States Mull Wider Eligibility for Kids’ Health Insurance Program
Several states are working to raise income eligibility limits for the State Children's Health Insurance Program, despite White House opposition, the AP/Long Island Newsday reports.
According to a survey conducted by Georgetown University's Center for Children and Families, 18 states already have received federal approval to offer SCHIP coverage to families with annual incomes greater than 200% of the federal poverty level -- the income threshold established when SCHIP began a decade ago. This year, five more states and the District of Columbia could extend coverage to families with incomes more than 200% of the poverty level, the center found.
California, Ohio and Oklahoma are considering significant expansions in SCHIP eligibility, and Florida and Oregon are considering modest expansions, according to the survey. In addition, New York recently raised the income threshold for its SCHIP to $82,600 annually for a family of four, with subsidies based on a sliding income scale.
Jocelyn Guyer, deputy executive director of the center, said, "State leaders are moving in a very different direction than the Bush administration," adding, "They see that even moderate-income families increasingly find that coverage is simply unaffordable, and that it's appropriate to have some subsidy."
However, Guyer said many states' plans depend on Congress passing legislation by this summer to give the states more money. Democrats have proposed providing $75 billion for SCHIP over the next five years, but the Bush administration has proposed less than half that amount.
In addition, legislation introduced last week in the Senate would let states expand coverage to families with incomes of less than 300% of the poverty level, AP/Newsday reports.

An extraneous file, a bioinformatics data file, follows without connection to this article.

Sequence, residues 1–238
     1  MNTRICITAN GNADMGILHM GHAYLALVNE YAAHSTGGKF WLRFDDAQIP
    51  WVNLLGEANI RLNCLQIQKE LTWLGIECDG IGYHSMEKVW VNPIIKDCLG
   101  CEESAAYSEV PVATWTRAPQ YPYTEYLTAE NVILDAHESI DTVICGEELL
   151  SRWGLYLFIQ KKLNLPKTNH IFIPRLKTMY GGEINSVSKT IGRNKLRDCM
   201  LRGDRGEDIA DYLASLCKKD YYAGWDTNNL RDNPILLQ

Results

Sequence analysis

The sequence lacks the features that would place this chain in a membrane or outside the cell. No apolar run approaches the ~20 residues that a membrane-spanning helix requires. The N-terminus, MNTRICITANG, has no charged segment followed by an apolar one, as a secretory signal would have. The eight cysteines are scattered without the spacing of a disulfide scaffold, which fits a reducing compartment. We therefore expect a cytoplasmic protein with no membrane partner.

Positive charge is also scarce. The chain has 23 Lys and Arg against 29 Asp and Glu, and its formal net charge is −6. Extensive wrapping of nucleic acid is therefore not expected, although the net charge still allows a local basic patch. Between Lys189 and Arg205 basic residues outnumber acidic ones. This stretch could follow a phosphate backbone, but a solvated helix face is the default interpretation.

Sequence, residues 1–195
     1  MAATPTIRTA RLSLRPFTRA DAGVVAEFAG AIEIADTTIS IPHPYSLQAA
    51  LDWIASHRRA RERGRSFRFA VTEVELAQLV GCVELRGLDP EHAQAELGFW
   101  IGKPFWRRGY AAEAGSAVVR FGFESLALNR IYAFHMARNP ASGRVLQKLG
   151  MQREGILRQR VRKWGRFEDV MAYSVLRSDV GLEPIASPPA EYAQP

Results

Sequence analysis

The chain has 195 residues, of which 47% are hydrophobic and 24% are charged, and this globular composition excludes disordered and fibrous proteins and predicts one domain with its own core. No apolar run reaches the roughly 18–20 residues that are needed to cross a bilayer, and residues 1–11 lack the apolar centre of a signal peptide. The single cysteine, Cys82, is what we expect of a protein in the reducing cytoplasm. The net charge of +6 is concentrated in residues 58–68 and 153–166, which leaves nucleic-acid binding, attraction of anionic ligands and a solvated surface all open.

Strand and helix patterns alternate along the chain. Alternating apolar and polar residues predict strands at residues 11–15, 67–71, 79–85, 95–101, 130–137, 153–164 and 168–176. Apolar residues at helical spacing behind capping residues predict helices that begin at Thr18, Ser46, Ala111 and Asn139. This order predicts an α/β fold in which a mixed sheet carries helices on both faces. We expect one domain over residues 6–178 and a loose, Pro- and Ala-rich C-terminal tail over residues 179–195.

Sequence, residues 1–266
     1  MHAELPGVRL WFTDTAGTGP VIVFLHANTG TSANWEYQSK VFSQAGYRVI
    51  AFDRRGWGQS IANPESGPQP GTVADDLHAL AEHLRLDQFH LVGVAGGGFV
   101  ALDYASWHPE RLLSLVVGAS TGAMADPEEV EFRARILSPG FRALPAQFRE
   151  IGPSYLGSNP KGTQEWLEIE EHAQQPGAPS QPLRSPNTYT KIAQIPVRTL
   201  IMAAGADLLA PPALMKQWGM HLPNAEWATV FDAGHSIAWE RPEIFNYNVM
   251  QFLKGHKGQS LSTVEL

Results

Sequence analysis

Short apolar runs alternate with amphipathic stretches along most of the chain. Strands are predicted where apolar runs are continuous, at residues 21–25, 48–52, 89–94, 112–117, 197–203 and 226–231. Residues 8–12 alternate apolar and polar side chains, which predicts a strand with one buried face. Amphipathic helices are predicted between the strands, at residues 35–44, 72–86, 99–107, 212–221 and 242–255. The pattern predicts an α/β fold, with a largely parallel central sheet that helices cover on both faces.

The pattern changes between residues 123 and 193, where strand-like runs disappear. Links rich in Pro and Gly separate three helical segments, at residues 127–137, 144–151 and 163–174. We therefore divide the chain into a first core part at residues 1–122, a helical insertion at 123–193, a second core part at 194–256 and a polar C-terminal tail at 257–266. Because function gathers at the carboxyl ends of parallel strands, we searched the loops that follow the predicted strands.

HHS Secretary Mike Leavitt said, "SCHIP is being proposed in the spirit of the expansion of health coverage. But that isn't the reality. For every 10 people that go on a publicly funded plan, six of them leave a private plan."
The Bush administration has said it wants SCHIP to provide coverage only for low-income families. According to Leavitt, 71% of U.S. children would be on "public assistance" if other states expanded SCHIP income eligibility limits to the levels adopted in New York.
Leavitt said all states should develop other plans to provide families with access to basic coverage. Although such plans might not offer the level of benefits some families would like, the policies would offer some protection, Leavitt said.
Leavitt noted efforts to expand coverage in Michigan that would pay as much as $35,000 annually for health costs and could provide coverage for up to 1.1 million state residents. Leavitt said Tennessee also is developing a "very basic" coverage plan that would cost $150 per month, with costs equally split between individuals, the state and employers (Freking, AP/Long Island Newsday, 4/29).